Pinter Seven at the Harold Pinter Theatre
Tonight’s programme dangles the audience from a precipice in a manner so perfectly Pinteresque you half expect the playwright to return to the land of the living just to take another bow. The final instalment of Jamie Lloyd’s Pinter at the Pinter series keeps the theatre teetering on an enthralling tightrope of ambiguity, masterfully mining the subtext beneath the babble of everyday existence.
The director begins his double bill with an exquisite adaptation of 1958 domestic drama A Slight Ache, originally a radio play, which follows well-to-do married couple Flora (Gemma Whelan) and Edward (John Heffernan) as they investigate the mysterious mute match-seller whose presence has become a blemish upon their property. What makes this staging unconventional, however, is Soutra Gilmour’s simplistic set, designed – rather ingeniously – to resemble a recording studio. This decision, along with George Dennis’s use of props to create sound effects, adds layers of artifice and playful performativity, as does the ever-present On Air sign, glowing an ominous red.
Crucially, however, this minimalistic approach also allows the writing room to breathe. As Pinter himself once noted, “so often, below the word spoken, is the thing known and unspoken,” and this is a work that resonates with silence. Deftly constructing a third cast-member from nothing but the loaded pauses punctuating their rambling monologues, the two actors do a commendable job at slowly opening up the cracks in their characters’ feeble facades. Their chirpy, refined exteriors crumble with tragic, well-timed humour as, despite consuming cultures in a laughable attempt to satisfy their colonial appetites, definitive knowledge forever eludes them. Thus, as they clutch comically to their classical upbringing (evoked through Whelan’s passive-aggressive insistence on the correct identification of garden flora and Heffernan’s ridiculously faultless pronunciation of all manner of obscure European spirits) their apparent idyllic union starts to unravel, along with their minds.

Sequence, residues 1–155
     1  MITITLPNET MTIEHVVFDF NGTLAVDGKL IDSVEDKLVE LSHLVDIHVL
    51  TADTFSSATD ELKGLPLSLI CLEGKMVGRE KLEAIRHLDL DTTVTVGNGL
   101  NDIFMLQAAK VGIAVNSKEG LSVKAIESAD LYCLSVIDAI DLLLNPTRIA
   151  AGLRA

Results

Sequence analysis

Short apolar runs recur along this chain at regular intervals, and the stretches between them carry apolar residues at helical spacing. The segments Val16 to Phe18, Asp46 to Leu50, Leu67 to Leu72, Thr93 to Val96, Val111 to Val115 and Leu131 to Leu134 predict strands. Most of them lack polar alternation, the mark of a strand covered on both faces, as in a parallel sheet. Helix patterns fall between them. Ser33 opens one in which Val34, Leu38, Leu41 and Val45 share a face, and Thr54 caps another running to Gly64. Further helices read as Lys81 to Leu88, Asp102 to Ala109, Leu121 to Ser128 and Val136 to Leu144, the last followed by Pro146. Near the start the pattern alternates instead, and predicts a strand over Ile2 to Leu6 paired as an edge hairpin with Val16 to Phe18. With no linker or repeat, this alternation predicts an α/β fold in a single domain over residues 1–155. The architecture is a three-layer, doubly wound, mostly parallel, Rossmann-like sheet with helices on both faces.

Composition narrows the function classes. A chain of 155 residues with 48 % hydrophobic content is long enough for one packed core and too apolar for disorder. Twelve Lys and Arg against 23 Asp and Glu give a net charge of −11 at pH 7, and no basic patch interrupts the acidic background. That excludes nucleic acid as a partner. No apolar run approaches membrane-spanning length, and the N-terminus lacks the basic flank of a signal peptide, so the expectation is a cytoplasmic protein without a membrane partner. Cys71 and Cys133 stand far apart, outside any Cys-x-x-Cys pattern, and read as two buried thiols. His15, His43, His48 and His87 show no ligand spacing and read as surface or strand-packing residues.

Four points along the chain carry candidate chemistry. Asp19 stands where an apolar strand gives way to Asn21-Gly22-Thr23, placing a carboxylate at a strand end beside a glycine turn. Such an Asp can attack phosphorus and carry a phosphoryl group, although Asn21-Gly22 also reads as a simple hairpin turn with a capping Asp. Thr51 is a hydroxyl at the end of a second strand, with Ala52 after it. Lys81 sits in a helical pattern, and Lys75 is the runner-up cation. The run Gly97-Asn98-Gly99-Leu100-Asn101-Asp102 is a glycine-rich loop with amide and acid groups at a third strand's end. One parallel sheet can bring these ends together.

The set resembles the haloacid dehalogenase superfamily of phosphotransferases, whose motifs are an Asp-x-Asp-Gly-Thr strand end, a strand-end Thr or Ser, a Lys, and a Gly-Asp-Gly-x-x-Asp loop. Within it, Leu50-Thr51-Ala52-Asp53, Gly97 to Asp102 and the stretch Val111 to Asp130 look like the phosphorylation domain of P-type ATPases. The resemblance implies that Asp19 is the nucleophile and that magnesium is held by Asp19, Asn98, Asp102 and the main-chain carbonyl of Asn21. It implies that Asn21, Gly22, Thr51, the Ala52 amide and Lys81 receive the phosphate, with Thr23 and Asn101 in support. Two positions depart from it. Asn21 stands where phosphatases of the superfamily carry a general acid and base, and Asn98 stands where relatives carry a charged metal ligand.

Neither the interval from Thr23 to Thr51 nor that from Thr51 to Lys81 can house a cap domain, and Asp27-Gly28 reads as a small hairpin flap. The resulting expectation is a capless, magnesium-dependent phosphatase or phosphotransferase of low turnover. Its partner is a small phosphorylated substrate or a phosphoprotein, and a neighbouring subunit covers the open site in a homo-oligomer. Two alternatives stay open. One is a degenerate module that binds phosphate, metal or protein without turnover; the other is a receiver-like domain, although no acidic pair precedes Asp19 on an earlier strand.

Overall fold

Though the couple begin up on their high horses, lording it about in their house on the hill, the piece takes a diving descent into depravity, setting us up perfectly for the second show of the night, which is set in a rather seedier criminal underworld. One of the playwright’s sharpest works, two-hander The Dumb Waiter consists of one contained and claustrophobic act bursting at the seams with comic potential. A potential that Martin Freeman and co-star Danny Dyer realise to raucous effect.
Tensions arise in a small basement room as hitmen Ben (Dyer) and Gus (Freeman) await their next assignment. And in more ways than one, this is a play that’s all about execution. Bringing East End to West End, Dyer’s bristly cockney bravado sits in perfect contrast with Freeman’s angsty and fitful fidgeting. Again, the staging is stripped back to great effect, and the bleak grey prison-like room that confines the characters only amplifies the subtle shades of each performance.
Shifty and unsettled, Freeman flickers and fluctuates between confusion to fear as his long-suffering companion shoots him scathing looks crafted from 24-carat comic gold. The chemistry rewards us again and again, every absurd interjection coaxing out the enduring wit of the script. The fact that the word “scampi” is one of the highlights of the play is a testament both to Freeman’s unshakable comic talent and Lloyd’s acutely sensitive direction.
Despite its short length, sparse set and sparing use of sound, this production teases out the immense depth of Pinter’s drama through every twist and turn, right up to the heart-wrenching climax – for a finale of pure finesse. While on the surface these conversations may seem mundane, The Dumb Waiter plays with the politics of power, and small talk reveals itself to be bigger than we could possibly imagine.
Photo: Marc Brenner
Pinter Seven is at the Harold Pinter Theatre from 31st January until 23rd February 2019. Book your tickets here. For further information or to book visit the theatre’s website here.